GIVE

Florida Response Levels to West Nile Virus Detection: Options for Mosquito Control

Summer in Florida for 2001 means the mosquito season is upon us. It is time to encourage mosquito control professionals to make concerted efforts to collect dead birds and to report the collections to the FWCC and DOH (http://wld.fwd.state.fl.us/bird/) for transport to the Kissimmee and/or Tampa Laboratories. The Florida WN wild bird surveillance program is our first line of defense in our system to detect the entry of the virus into the State.

I have stated in previous Buzz Word columns that the detection of a WN positive bird in Florida can indicate different things and must be assessed in the context of the method of testing, and several other factors, like mosquito population data, numbers of positives, and indicators of actual local virus transmission. The Florida Department of Health, and Department of Agriculture and Consumer Services, Florida West Nile Virus Response Plan contains four levels to guide the response options when WN is detected. The response levels in the plan are:

  • Level 1: Initial detection of WN virus nucleic acid or antibody in sentinel flocks,wild birds or mosquitoes in a particular region of the state.
  • Level 2: Widespread detections in sentinel flocks, wild birds or mosquitoes.
  • Level 3: Detection of 1 or more human cases with Florida-acquired WN virus.
  • Level 4: Determination of widespread distribution of human cases or occurrence of WN virus detection in conjunction with a weather-related disaster (e.g., hurricane or flooding event).

The Florida West Nile Virus Response Plan recommendations for each level that are relevant to Florida Mosquito Control Districts are:

  • Level 1: The lowest level of recognition. Mosquito control should maintain control activities already in place, submit dead birds for testing, and maintain mosquito surveillance activities already in place.
  • Level 2: Indicators of transmission should result in increased levels of surveillance, more sentinels should be placed, and DACS will consider the need to declare an emergency to increase mosquito control activities in certain regions with consideration for requesting external resources for use in aerial adulticiding.
  • Level 3: DACS will declare an emergency and recommend increasing mosquito control activities in specified regions. Aerial adulticiding would be recommended based on the likely impact on suspect vectors, requests would be recommended to other agencies with aerial adulticiding capability as appropriate.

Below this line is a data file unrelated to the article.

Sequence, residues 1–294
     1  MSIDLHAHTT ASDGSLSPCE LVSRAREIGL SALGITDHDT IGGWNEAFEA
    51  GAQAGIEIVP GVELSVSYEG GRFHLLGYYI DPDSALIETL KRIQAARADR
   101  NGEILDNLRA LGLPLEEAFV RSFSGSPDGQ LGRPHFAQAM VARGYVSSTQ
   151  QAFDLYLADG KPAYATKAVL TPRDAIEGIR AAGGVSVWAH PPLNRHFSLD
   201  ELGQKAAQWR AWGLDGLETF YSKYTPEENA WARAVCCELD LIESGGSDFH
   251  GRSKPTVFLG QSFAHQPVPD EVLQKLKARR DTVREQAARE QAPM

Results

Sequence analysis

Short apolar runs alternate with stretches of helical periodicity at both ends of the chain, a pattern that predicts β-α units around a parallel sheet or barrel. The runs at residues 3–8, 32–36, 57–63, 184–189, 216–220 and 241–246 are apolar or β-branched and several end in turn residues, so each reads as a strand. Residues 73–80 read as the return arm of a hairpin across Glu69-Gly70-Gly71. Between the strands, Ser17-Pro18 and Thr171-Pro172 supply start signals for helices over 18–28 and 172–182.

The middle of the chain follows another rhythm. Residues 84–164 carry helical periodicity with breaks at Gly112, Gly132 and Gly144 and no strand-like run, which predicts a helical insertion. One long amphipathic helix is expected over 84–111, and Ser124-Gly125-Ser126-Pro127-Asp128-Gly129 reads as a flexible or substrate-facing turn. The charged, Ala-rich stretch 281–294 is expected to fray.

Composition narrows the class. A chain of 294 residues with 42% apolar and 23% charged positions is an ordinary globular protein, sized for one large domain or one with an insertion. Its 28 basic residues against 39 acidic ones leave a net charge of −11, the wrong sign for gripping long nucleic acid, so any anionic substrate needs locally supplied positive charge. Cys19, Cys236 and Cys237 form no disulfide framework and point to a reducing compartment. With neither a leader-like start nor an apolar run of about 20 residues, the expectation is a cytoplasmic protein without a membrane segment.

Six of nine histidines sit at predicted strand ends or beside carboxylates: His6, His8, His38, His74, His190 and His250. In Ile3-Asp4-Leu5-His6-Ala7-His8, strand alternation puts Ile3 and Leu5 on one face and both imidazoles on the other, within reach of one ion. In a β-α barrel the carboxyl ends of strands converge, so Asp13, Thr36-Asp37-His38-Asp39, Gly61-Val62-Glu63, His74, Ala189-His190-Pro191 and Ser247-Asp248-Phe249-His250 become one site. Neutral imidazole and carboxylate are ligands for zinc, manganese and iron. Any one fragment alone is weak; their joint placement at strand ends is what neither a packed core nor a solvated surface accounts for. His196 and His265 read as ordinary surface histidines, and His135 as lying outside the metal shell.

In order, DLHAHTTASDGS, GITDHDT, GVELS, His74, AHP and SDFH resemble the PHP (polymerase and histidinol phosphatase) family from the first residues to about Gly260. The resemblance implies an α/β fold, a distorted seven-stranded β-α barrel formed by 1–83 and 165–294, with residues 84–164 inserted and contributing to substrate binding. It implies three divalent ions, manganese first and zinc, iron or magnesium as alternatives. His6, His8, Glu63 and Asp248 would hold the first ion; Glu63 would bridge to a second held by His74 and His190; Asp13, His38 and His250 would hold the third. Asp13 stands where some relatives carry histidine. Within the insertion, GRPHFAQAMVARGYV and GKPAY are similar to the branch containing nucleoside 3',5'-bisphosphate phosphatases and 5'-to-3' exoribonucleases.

• Level 4: Implementation of the Florida Emergency Operations Center to coordinate responses and request for vector control assistance in specific regions.

In keeping with several previous BuzzWords columns I have written on the meaning of different surveillance tools, I would recommend that Florida mosquito control pay attention to the details of the information being provided during WN surveillance. I believe mosquito control response levels might be as follows:

  • Level 1: WN antibody or nucleic acid in wild birds. Little risk, questionable that live virus is present. The lowest level of recognition.
  • Level 2: WN in sentinel flocks (virus isolation, antibody, or PCR) or a wild bird (virus isolation). Clearly indicates the virus is present in the region with local transmission. See Level 2 in the Florida Response Plan above.
  • Level 3: WN virus in wild birds, sentinel flocks, horses and vector mosquitoes - transmission at levels suggesting human risk for infection via mosquitoes. There is risk to humans. Consideration of Level 3 as in the Florida Response Plan above.
  • Level 4: 1- 20 human cases with Florida acquired WN virus. Increased and substantial risk to humans. Clearly an emergency and maximum mosquito control effort is required.
  • Level 5: Greater than 20 human cases in a county. An epidemic, and great risk for a big event.

The Florida Medical Entomology Laboratory is prepared to work with mosquito control to assess WN surveillance information. Stay tuned to the FMEL Encephalitis Information System at: http://eis.ifas.ufl.edu/.

We will all need to work together to determine when the information warrants moving to the next response level and what specific options are available to each mosquito control unit to bring to bear as appropriate.

Walter J. Tabachnick, Ph.D., Director
Florida Medical Entomology Laboratory